Bookmark
            • Record: found
            • Abstract: found
            • Article: not found

            COVID-19–Associated Kidney Injury: A Case Series of Kidney Biopsy Findings

            Reports show that AKI is a common complication of severe coronavirus disease 2019 (COVID-19) in hospitalized patients. Studies have also observed proteinuria and microscopic hematuria in such patients. Although a recent autopsy series of patients who died with severe COVID-19 in China found acute tubular necrosis in the kidney, a few patient reports have also described collapsing glomerulopathy in COVID-19.
              Bookmark
              • Record: found
              • Abstract: found
              • Article: not found

              Wegener's granulomatosis: prospective clinical and therapeutic experience with 85 patients for 21 years.

              Eighty-five patients with Wegener's granulomatosis were studied for 21 years at the National Institutes of Health. Patients were treated with a protocol consisting of cyclophosphamide, 2 mg/kg body weight d, together with prednisone, 1 mg/kg body weight d, followed by conversion of the prednisone to an alternate-day regimen. Complete remissions were achieved in 79 of 85 patients (93%). The mean duration of remission for living patients was 48.2 (+/- 3.6) months. Twenty-three patients are off all therapy for a mean duration of 35.3 (+/- 6.3) months without therapy. This study provides a prospective experience with Wegener's granulomatosis and shows that long-term remissions can be induced and maintained in an extremely high number of patients by the combination of daily cyclophosphamide and alternate-day prednisone therapy.
                Bookmark

                Author and article information

                Journal
                BMJ Case Rep
                BMJ Case Rep
                bmjcr
                bmjcasereports
                BMJ Case Reports
                BMJ Publishing Group (BMA House, Tavistock Square, London, WC1H 9JR )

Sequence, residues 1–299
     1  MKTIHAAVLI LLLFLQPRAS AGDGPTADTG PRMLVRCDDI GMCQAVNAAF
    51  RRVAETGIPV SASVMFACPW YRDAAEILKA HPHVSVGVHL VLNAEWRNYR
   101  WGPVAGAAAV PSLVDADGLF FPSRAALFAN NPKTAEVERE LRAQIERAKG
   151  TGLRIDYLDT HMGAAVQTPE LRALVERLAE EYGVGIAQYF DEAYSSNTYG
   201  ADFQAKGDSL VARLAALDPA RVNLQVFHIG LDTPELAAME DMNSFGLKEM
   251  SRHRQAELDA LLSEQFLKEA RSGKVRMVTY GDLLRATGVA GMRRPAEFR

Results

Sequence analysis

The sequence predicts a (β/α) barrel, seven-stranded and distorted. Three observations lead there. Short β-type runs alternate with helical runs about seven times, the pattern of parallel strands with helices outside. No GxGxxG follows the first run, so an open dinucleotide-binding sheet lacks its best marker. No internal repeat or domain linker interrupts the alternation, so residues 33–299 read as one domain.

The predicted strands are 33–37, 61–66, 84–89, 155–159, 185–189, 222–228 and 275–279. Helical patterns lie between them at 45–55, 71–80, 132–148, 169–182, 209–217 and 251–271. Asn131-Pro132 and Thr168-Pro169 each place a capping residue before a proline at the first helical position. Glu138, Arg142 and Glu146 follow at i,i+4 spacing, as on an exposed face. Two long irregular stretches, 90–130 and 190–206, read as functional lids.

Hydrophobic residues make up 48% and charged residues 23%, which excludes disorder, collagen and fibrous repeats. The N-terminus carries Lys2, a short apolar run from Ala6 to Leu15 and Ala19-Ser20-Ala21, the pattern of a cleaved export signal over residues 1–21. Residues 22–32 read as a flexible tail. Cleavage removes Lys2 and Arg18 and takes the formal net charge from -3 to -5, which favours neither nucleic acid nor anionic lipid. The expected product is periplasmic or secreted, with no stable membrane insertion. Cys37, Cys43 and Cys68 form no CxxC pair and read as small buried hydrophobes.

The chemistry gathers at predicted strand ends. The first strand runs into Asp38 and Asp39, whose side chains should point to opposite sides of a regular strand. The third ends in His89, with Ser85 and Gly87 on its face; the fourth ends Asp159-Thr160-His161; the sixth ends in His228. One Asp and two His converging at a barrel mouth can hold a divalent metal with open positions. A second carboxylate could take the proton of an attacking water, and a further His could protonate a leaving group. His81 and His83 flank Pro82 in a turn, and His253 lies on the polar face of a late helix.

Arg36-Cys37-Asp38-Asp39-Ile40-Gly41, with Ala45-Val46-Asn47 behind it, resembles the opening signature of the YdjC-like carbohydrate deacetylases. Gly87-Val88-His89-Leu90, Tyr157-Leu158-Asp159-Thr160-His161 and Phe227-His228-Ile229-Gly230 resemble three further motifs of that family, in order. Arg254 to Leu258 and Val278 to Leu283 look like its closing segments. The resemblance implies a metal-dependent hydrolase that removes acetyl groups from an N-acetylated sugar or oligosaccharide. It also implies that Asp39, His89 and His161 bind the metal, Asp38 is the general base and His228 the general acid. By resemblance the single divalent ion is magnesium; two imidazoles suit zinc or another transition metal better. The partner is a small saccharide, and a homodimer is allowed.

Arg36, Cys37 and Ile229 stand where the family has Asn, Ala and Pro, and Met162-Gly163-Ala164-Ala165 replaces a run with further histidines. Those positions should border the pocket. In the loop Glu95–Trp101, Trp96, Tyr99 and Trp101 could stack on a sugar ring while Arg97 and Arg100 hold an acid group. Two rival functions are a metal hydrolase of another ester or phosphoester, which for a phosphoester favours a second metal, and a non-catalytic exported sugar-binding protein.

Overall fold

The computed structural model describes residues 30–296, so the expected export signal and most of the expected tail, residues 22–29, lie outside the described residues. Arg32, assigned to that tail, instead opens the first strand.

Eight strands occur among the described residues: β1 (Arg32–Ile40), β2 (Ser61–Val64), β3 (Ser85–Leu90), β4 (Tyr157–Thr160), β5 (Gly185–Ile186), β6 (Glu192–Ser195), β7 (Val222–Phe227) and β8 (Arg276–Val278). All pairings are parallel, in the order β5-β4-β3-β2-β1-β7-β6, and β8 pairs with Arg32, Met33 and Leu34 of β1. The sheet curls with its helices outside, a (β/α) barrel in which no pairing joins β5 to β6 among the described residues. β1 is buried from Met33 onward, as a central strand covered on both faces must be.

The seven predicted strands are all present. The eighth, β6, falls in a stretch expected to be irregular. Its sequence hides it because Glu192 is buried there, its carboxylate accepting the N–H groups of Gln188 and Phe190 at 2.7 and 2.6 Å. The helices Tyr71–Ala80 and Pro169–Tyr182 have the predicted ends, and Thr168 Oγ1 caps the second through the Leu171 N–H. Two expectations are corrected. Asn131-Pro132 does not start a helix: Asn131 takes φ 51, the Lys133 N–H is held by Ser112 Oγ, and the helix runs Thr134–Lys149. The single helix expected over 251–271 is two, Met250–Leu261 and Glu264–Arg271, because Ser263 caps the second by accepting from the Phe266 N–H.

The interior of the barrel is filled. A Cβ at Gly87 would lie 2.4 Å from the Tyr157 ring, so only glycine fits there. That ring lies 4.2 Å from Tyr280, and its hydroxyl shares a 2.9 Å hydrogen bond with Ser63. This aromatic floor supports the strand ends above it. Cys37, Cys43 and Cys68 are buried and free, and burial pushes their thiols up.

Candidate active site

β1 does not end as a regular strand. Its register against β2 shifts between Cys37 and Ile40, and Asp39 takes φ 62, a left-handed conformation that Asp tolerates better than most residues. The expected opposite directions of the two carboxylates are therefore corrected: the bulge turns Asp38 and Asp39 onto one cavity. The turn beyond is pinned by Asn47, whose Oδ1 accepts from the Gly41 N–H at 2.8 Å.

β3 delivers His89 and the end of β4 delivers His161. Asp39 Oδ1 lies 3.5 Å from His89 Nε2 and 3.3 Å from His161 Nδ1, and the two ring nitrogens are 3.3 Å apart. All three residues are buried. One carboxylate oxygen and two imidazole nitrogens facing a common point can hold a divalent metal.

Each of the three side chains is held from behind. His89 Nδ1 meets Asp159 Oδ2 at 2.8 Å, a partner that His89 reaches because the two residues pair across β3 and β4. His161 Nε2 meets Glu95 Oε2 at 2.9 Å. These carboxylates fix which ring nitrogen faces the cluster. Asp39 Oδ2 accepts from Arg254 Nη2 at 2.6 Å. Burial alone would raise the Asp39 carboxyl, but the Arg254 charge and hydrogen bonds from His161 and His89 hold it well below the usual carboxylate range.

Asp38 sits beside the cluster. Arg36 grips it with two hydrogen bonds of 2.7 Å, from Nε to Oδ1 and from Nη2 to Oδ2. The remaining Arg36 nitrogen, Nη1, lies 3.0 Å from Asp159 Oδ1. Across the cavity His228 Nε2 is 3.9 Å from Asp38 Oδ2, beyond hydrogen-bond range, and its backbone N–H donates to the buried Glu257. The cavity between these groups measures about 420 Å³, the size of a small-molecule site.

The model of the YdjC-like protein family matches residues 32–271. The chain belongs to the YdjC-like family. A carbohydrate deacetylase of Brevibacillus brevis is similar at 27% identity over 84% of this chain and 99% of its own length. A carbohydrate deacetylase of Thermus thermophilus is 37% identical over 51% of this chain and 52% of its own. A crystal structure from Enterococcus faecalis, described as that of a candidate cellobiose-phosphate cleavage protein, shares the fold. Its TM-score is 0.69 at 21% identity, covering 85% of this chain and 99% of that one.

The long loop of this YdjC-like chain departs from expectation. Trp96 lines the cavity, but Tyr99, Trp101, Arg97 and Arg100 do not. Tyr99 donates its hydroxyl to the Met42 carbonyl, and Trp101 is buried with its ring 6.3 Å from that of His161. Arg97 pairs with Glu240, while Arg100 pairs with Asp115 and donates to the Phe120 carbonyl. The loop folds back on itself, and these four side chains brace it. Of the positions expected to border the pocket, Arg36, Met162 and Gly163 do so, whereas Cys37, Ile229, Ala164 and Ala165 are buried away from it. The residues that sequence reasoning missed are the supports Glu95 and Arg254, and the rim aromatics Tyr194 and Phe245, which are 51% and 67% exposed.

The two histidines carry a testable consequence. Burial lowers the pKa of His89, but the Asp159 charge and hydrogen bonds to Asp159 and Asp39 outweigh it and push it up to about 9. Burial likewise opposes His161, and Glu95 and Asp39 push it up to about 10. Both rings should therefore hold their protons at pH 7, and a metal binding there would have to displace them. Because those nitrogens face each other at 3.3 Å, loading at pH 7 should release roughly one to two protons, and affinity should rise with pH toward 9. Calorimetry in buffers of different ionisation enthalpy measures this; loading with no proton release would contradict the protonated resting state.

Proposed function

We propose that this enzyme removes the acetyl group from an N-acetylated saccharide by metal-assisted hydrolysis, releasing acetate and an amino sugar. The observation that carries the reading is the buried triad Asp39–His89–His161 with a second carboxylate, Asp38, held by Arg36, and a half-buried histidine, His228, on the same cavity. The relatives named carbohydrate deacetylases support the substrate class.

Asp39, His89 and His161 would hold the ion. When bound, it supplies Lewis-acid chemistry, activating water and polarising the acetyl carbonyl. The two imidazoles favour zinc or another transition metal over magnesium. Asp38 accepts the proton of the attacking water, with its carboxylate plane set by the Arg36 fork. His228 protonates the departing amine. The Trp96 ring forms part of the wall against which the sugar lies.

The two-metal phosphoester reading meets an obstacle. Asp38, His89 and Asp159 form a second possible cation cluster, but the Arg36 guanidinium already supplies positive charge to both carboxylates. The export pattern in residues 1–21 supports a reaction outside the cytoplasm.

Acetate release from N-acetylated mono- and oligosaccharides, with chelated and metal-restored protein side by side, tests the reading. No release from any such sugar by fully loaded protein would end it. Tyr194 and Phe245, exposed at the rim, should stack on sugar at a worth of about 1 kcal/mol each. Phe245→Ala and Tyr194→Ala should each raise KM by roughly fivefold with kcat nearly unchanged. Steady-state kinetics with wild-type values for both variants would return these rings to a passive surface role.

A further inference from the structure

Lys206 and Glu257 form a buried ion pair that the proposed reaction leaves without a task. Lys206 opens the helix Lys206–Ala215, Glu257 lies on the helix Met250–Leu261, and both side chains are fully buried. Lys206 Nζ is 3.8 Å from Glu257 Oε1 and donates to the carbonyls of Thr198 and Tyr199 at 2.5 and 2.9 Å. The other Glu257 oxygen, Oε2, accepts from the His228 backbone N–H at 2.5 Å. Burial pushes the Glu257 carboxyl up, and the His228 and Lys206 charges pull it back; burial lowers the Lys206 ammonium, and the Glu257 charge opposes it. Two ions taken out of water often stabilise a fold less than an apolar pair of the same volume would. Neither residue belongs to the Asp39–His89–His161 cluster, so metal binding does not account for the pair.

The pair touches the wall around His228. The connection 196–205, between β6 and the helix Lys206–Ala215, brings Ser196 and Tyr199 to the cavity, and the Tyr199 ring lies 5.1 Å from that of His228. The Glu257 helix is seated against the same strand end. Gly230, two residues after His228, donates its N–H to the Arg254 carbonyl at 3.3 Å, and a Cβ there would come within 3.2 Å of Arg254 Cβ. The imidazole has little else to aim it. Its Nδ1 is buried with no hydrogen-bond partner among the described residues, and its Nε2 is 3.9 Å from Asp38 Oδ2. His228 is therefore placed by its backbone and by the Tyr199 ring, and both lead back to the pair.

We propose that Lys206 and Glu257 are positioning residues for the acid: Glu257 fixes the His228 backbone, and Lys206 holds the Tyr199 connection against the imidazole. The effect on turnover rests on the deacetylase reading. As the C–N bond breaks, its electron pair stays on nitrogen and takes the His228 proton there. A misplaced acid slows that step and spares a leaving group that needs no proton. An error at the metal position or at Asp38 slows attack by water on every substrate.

1757-790X
                2021
                18 March 2021
                18 March 2021
                : 14
                : 3
                Affiliations
                [1 ]departmentHospital Medicine , Miriam Hospital , Providence, Rhode Island, USA
                [2 ]departmentInternal Medicine , Brown University Warren Alpert Medical School , Providence, Rhode Island, USA
                [3 ]departmentPathology , Pathology and Laboratory Medicine, Brown University , Providence, Rhode Island, USA
                Author notes
                [Correspondence to ] Dr Vijairam Selvaraj; vijairam.selvaraj@ 123456lifespan.org
                Article
                bcr-2021-242142
                10.1136/bcr-2021-242142
                7978249
                33737283
                © BMJ Publishing Group Limited 2021. No commercial re-use. See rights and permissions. Published by BMJ.

                This article is made freely available for use in accordance with BMJ’s website terms and conditions for the duration of the covid-19 pandemic or until otherwise determined by BMJ. You may use, download and print the article for any lawful, non-commercial purpose (including text and data mining) provided that all copyright notices and trade marks are retained.

                Product
                Categories
                Case Report
                2474
                495
                532
                508
                1330
                Custom metadata
                free

                Comments

                Comment on this article